So with your okra plant is thriving and starting to flower, but when is okra ready to pick, and how do you harvest it?
Let’s learn a few things about okra – growing, harvesting, and preserving seeds.
Growing okra is a simple task that anyone can undertake. Okra matures fast, especially if you have hot weather that the plant prefers.
Knowing when to pick okra is important, so you do not over or under grow them. Harvesting okra can be tricky because you have to harvest the pods before they grow tough.
It takes about four or so days from the flowering time to the time to pick okra. Once you start picking, harvest them every other day to keep their production high as long as possible.
When Is Okra Ready To Pick?
Okra is ready to pick when it has grown up to at least 2 to 3 inches long. If you leave them for too long, the pods can get hard and woody. When you finish picking okra, store them in plastic bags in the fridge.
Remember, you cannot keep okra in the garden, hoping to harvest them later; they will overgrow. Just harvest them at the right time and store them in the fridge or freeze them for later use. They will last about a week or so when fresh, but you can also freeze them if you have too much at once.
When Do The Pods Form?
After planting your choice of okra variety, it grows fast. On approaching maturity, pods begin to form a few days after flowering.
Once they have formed, check on them daily to see if they are ready. When they reach about 3 inches in length, they peak their flavor and tenderness.
At this point, they are ready to harvest. They may be able to hang around the plant a few days before they get tough.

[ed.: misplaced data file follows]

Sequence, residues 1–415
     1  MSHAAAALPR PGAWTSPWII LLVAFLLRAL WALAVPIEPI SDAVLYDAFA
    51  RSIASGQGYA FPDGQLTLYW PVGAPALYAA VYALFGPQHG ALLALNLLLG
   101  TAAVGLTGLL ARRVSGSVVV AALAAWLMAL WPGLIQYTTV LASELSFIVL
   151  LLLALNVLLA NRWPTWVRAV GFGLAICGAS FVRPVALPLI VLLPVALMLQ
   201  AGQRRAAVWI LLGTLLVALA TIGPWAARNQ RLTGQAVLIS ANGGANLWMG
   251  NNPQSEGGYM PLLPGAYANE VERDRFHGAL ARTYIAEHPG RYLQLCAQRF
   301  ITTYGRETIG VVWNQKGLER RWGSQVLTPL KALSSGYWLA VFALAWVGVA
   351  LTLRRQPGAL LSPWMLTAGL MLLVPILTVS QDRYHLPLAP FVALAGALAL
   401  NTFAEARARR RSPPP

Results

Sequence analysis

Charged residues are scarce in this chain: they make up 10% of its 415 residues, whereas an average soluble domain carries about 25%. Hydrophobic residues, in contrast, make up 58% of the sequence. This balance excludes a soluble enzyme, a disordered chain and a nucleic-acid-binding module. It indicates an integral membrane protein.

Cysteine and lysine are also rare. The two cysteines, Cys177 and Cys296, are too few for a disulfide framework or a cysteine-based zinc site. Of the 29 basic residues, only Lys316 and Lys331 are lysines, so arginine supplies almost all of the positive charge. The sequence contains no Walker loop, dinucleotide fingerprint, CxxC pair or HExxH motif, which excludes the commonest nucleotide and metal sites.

How To Pick Your Ready Okra
Congratulations on growing your own okra this far. You now have a ready crop that is ready for harvesting. How do you harvest your okra?
- Wear gloves to help you handle the pods as little as possible. This prevents skin irritation and softening the okra before use. The okra plant has some small spines that can irritate your skin on contact. Even the spineless varieties have some setulose growth that also causes irritations. So to be safe, wear your gloves.
- If you find your okra is already woody when you pick, toss it into a dish for slow cooking, which may help soften them.
- Always pick your okras when they are 2 to 21/2 inches long. Remember, every time you pick; you encourage more growth; keep harvesting regularly.
- We understand it can be tempting to leave these fruits longer to see how large they grow. Unless you want to grow them for a floral arrangement or seeds, then don’t do it.
- The longer they grow, the tougher they are. The pods become woody, the spines firmer, and the stems harder to cut.
- Use a sharp knife to cut them from the plant, so you don’t injure the plant.
- Okra is self-pollinating so that you can save up some plants for seeds in the following year. It will make a great crop for the second time around.
Saving Seeds For The Next Planting Season
Instead of eating all the okra, you may want to save some pods from growing into seed. Harvest your okra when they are fully mature and almost dry.
Remember, these will have grown past the eating stage, so you cannot eat them. Leaving the pods to mature for seed slows down the growth of new pods, so you might not have any more to eat from the plant.
This is a great way to save seeds instead of buying new ones each planting season. Your seeds will produce a replica of your previous crop, so make sure you had a good crop. If you do like the crop, don’t save the seeds; rather, get fresh hybrid seeds.
You can also use these plants as floral arrangements – cut a bunch of stems, wrap them into twine and suspend them upside down to dry. These are for use in your floral arrangements and can last for a long time. Get creative with them and add some color or go to Pinterest for some floral décor ideas.
Enjoying Ready Okra
Okra is a yummy dish and can be used with a variety of dishes. It is well known as an ingredient for gumbo which is common among many homes.